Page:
Saturday, November 21, 2020

Avoiding negative reviews with EULA abuse

Avoiding negative reviews with EULA abuse

After seeing some fun-looking gameplay videos of Passportout, I went to Steam to buy the game which had quite good reviews. First, though, I was invited to read the end-user license agreement (EULA), which said a few things that made me quite uncomfortable, but especially the following:

FLAMEBAIT GAMES RESERVES THE RIGHT TO ADD, MODIFY, OR DELETE/CANCEL THE GAME, INCLUDING YOUR ACCESS TO THE GAME AT ANY TIME.

So, after buying the game, they can “delete” it or disable my access at any time, for any reason. Why?

In consideration of the payment of any applicable fees and subject to your registering for an account and compliance with the terms contained herein, Flamebait Games or the platform/service provider will, upon receipt of your payment if applicable, provide you with a limited, non-exclusive, revocable license to access the Game and enable you to access and play the Game for your personal use subject to the other applicable provisions, limitations and restrictions in this End User License Agreement.

Seriously? So if I pay you, I don’t actually own a copy of the game – I get a revocable license to access it? Why?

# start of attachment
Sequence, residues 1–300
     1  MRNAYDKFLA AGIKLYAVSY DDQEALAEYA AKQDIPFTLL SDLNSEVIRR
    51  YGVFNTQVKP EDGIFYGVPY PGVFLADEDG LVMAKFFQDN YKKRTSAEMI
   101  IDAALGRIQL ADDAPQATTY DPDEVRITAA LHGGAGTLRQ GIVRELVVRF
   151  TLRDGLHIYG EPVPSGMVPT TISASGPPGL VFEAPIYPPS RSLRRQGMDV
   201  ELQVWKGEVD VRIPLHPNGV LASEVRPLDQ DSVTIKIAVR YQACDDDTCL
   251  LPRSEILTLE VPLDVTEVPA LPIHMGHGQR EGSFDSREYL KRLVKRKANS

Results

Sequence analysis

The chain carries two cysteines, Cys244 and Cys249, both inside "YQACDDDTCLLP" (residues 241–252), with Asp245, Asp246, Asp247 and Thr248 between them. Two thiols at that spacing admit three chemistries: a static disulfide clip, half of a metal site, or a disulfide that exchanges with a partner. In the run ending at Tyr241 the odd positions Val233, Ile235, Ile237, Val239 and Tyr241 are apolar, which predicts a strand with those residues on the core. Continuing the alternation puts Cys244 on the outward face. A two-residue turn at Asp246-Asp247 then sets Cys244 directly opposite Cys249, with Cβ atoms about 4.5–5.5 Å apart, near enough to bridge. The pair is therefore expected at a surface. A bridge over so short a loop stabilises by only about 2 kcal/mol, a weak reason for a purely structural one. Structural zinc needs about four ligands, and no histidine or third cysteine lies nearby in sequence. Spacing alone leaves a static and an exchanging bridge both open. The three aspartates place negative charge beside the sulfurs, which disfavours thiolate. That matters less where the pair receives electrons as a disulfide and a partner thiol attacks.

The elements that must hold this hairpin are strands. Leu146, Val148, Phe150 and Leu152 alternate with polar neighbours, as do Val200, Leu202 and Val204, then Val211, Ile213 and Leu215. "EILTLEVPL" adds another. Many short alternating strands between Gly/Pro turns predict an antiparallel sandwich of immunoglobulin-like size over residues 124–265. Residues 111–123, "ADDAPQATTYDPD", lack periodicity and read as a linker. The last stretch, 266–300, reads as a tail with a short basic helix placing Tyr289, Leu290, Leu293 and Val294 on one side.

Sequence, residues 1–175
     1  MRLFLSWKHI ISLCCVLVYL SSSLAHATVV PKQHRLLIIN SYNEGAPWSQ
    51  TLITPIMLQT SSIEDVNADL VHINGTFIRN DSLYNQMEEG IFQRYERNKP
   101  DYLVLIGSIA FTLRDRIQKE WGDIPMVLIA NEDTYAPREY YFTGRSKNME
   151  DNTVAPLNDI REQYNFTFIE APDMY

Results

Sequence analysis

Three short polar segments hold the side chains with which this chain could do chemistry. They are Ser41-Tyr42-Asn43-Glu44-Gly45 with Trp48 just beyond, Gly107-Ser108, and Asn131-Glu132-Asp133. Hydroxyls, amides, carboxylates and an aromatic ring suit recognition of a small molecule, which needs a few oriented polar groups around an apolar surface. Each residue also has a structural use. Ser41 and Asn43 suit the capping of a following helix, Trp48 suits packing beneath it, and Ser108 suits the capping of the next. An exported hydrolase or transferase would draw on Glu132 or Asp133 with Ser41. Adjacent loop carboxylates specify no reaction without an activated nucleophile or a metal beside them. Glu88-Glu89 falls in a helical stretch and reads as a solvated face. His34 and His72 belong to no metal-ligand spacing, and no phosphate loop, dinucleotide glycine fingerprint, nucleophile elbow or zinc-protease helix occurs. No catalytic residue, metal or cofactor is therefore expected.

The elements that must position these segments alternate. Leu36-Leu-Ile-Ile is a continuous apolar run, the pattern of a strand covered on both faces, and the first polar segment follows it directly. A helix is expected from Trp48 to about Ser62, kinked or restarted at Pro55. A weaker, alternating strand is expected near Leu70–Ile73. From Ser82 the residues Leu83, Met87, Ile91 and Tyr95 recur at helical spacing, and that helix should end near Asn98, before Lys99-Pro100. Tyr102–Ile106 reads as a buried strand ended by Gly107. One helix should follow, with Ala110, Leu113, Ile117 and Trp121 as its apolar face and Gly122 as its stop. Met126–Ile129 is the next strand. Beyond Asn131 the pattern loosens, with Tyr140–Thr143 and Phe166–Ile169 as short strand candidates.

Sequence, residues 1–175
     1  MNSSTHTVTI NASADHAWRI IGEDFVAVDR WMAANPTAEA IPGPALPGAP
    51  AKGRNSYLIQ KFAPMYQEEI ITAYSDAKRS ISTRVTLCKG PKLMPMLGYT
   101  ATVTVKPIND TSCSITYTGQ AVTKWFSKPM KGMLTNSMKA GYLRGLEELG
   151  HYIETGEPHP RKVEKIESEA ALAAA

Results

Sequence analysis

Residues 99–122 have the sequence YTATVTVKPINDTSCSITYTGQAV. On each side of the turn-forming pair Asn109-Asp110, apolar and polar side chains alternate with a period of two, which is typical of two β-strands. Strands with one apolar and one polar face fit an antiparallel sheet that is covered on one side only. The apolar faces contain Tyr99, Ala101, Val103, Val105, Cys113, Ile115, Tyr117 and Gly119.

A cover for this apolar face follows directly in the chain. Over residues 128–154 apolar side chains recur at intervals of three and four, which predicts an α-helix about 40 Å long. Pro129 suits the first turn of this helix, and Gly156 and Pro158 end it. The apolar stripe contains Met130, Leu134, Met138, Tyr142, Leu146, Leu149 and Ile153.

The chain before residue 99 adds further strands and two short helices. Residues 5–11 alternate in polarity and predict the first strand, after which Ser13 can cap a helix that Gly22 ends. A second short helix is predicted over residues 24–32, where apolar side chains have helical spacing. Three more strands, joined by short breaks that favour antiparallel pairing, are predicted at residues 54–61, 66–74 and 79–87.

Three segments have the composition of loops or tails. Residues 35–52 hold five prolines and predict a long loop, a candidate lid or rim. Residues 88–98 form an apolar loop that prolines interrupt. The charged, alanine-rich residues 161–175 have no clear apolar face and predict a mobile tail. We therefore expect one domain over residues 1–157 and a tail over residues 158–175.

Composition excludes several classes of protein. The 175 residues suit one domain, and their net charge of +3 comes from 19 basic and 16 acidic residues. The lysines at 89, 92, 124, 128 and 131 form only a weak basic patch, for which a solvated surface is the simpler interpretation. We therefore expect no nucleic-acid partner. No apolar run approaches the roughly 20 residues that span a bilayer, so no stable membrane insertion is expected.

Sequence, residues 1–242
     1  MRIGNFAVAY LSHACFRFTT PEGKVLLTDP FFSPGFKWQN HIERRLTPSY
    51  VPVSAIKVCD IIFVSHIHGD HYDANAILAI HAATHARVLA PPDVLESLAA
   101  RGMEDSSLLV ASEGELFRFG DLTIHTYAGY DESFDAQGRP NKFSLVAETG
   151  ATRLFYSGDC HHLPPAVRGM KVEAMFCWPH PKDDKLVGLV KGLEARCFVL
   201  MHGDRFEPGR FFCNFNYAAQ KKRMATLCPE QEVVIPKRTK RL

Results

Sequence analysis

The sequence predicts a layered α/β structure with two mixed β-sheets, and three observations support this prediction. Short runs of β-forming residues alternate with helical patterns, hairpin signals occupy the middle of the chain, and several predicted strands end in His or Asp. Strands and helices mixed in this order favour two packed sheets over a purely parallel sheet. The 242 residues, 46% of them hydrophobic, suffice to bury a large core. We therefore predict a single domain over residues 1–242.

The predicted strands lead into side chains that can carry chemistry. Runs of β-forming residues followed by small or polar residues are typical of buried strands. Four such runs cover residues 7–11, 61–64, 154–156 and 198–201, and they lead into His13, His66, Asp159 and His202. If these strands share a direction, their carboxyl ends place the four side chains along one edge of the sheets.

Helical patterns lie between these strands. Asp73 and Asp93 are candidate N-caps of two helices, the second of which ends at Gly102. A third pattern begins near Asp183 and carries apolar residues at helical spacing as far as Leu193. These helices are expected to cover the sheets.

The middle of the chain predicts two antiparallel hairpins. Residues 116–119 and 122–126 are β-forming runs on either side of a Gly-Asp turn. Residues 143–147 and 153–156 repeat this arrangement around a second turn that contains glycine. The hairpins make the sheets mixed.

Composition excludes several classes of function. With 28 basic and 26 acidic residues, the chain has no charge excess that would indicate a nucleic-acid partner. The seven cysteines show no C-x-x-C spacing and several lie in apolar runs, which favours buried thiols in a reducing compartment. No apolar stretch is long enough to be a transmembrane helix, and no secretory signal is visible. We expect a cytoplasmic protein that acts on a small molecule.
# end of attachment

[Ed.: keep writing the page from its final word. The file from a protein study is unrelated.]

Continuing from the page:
It continues:

You may not upload or republish the Game or Game Content on any Internet, Intranet or Extranet sites or incorporate the information in any other database or compilation, and any other use of the Game or Game Content not expressly allowed under this Agreement is strictly prohibited.

This is worded extremely broadly, implying that you can’t even publish a screenshot of the game.

However, you may upload recordings of yourself playing the Game on channels like Twitch.com and YouTube.com etc, provided that such use is done in good taste and does not infringe on the intellectual property rights of Flamebait Games or reflect negative on Flamebait Games or the Game.

Basically the EULA forces you to agree not to upload or stream gameplay videos, unless it’s “in good taste” (whatever that means, seems totally subjective) and doesn’t reflect negatively on the game. In effect, the EULA prohibits you from using footage of yourself playing the game if you’re going to say anything critical about it.

That really is disgusting and unethical abuse of an EULA that most people almost certainly click through without fully reading. It’s likely unenforceable since it overly restricts freedom of expression and criticism, so it leaves me to wonder why they bothered. This is the kind of thing you might expect from Nintendo, not a small European game company.

Shame on you, Flamebait Games.

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